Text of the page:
California today starts an amnesty program for residents who can’t afford to pay off spiraling traffic fines and court fees that have led to millions of driver’s licenses being suspended, the Christian Science Monitor reports. The program is part of Gov. Jerry Brown’s budget and runs through March 31, 2017. Drivers with lesser infractions would pay either 50 or 80 percent of what they owe, depending on income. Some drivers would be able to apply for installment payments for outstanding tickets. Drunken-driving and reckless-riving violations are not eligible.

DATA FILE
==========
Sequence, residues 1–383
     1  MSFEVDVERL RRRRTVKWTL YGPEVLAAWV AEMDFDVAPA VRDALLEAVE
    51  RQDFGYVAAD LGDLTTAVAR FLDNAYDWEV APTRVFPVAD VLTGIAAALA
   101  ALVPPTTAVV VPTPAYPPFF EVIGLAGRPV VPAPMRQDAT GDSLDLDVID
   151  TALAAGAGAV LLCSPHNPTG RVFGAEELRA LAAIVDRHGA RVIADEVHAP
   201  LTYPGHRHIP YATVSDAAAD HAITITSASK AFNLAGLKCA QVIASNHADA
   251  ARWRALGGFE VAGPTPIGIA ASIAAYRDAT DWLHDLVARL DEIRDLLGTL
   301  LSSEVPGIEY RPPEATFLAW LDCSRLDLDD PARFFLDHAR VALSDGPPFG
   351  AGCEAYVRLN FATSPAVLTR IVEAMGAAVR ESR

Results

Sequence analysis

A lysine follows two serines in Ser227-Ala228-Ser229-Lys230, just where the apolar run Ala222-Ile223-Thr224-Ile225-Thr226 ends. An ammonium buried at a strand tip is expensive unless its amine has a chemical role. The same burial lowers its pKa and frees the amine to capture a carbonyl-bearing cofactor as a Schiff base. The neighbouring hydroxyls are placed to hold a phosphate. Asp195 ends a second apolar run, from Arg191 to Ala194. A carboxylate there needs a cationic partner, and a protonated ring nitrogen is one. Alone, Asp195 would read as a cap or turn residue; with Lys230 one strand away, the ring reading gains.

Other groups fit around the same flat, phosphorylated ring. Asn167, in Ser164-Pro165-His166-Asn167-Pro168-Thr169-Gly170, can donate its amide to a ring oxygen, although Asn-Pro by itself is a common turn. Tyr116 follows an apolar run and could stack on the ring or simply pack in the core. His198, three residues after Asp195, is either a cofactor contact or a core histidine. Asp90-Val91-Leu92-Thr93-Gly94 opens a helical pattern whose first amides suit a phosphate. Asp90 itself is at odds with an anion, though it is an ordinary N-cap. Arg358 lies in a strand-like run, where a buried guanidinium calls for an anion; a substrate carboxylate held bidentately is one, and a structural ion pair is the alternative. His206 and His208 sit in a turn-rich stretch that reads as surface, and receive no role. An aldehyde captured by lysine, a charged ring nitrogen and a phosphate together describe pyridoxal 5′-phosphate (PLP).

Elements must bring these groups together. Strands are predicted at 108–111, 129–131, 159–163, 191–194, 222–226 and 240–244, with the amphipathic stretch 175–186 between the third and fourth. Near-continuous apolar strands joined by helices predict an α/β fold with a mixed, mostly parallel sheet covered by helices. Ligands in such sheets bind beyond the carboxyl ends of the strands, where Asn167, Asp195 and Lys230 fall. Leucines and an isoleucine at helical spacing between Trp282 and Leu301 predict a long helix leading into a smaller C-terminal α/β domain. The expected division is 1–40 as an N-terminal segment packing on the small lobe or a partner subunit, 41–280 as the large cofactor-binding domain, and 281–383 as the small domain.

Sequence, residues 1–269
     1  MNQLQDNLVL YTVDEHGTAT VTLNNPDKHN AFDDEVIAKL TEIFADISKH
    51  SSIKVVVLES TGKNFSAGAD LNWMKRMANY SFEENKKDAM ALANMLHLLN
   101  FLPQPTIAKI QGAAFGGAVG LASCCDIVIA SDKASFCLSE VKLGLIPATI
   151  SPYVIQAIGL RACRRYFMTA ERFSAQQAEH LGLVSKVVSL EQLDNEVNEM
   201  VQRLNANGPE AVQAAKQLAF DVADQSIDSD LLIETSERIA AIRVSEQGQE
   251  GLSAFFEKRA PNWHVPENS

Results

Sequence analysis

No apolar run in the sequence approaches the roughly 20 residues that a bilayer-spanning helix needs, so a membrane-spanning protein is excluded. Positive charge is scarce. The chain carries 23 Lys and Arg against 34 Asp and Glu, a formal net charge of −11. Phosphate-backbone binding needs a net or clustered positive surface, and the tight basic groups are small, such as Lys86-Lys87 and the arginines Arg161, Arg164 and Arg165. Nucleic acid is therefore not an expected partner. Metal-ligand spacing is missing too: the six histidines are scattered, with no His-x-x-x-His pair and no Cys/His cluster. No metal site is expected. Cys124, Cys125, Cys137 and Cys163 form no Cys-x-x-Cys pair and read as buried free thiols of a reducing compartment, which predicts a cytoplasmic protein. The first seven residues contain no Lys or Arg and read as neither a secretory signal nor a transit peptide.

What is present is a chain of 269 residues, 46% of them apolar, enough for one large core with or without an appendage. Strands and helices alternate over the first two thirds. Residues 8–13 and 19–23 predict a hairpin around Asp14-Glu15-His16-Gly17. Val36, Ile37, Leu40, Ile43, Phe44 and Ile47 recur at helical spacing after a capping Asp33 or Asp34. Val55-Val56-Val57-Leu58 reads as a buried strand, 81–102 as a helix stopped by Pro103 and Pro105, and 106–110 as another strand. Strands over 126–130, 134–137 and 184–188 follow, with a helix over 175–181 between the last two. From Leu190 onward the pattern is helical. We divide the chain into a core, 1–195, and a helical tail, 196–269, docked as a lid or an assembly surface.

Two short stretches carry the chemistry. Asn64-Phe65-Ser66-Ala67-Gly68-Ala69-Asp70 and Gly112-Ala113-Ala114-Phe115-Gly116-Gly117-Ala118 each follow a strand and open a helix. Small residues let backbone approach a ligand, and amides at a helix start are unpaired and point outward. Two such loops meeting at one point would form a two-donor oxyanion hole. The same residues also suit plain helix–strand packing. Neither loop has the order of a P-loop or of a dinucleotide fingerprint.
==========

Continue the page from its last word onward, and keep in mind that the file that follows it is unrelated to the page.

Since 2006, the state has suspended 4.8 million driver’s licenses after motorists failed to pay or appear in court. Of those, only about 83,000 licenses were reinstated. Brown has called the traffic court system a “hellhole of desperation” for the poor. Traffic fines have been skyrocketing in the state, and courts have grown reliant on fees as a result of budget cuts during the recession. Twenty years ago, the fine for running a red light was $103. Today, it costs as much as $490, including add-on fees to support everything from court construction to emergency medical air transportation. The cost can jump to over $800 once a person fails to pay or misses a traffic court appearance.